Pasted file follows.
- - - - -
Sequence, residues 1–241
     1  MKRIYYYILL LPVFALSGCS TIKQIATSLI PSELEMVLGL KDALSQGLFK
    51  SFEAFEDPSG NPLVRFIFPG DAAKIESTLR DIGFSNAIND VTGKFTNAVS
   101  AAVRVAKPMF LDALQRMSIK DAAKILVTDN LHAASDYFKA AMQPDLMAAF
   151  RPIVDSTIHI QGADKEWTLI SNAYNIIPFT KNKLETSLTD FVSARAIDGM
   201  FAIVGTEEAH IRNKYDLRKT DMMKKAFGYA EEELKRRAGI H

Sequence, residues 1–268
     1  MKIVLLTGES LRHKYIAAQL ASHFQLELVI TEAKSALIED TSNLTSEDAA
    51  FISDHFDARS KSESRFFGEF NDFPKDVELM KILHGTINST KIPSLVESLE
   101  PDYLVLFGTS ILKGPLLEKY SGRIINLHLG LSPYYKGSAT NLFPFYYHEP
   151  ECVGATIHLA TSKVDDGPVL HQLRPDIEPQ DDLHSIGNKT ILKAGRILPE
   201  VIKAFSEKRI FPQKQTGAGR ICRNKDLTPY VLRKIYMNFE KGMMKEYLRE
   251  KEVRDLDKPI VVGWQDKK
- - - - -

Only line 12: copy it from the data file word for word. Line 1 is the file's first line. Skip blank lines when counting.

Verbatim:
   201  VIKAFSEKRI FPQKQTGAGR ICRNKDLTPY VLRKIYMNFE KGMMKEYLRE